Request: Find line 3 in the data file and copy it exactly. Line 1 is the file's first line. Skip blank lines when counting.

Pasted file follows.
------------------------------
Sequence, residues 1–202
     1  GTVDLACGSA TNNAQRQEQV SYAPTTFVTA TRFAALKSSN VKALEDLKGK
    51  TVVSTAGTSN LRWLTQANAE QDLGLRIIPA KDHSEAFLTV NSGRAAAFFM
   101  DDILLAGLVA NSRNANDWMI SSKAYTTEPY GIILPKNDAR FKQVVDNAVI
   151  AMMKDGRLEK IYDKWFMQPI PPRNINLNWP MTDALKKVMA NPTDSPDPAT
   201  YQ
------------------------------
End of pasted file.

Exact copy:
    51  TVVSTAGTSN LRWLTQANAE QDLGLRIIPA KDHSEAFLTV NSGRAAAFFM